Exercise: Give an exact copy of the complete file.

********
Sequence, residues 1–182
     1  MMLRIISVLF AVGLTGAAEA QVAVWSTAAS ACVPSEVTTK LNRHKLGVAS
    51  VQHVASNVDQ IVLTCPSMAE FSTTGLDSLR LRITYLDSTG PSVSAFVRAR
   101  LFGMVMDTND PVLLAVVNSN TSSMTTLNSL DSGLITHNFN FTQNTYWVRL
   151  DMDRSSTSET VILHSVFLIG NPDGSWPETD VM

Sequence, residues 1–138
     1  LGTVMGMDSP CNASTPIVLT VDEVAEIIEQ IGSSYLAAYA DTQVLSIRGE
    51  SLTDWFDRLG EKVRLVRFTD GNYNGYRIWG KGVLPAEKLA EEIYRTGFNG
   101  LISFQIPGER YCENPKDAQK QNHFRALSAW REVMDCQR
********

Sequence, residues 1–182
     1  MMLRIISVLF AVGLTGAAEA QVAVWSTAAS ACVPSEVTTK LNRHKLGVAS
    51  VQHVASNVDQ IVLTCPSMAE FSTTGLDSLR LRITYLDSTG PSVSAFVRAR
   101  LFGMVMDTND PVLLAVVNSN TSSMTTLNSL DSGLITHNFN FTQNTYWVRL
   151  DMDRSSTSET VILHSVFLIG NPDGSWPETD VM

Sequence, residues 1–138
     1  LGTVMGMDSP CNASTPIVLT VDEVAEIIEQ IGSSYLAAYA DTQVLSIRGE
    51  SLTDWFDRLG EKVRLVRFTD GNYNGYRIWG KGVLPAEKLA EEIYRTGFNG
   101  LISFQIPGER YCENPKDAQK QNHFRALSAW REVMDCQR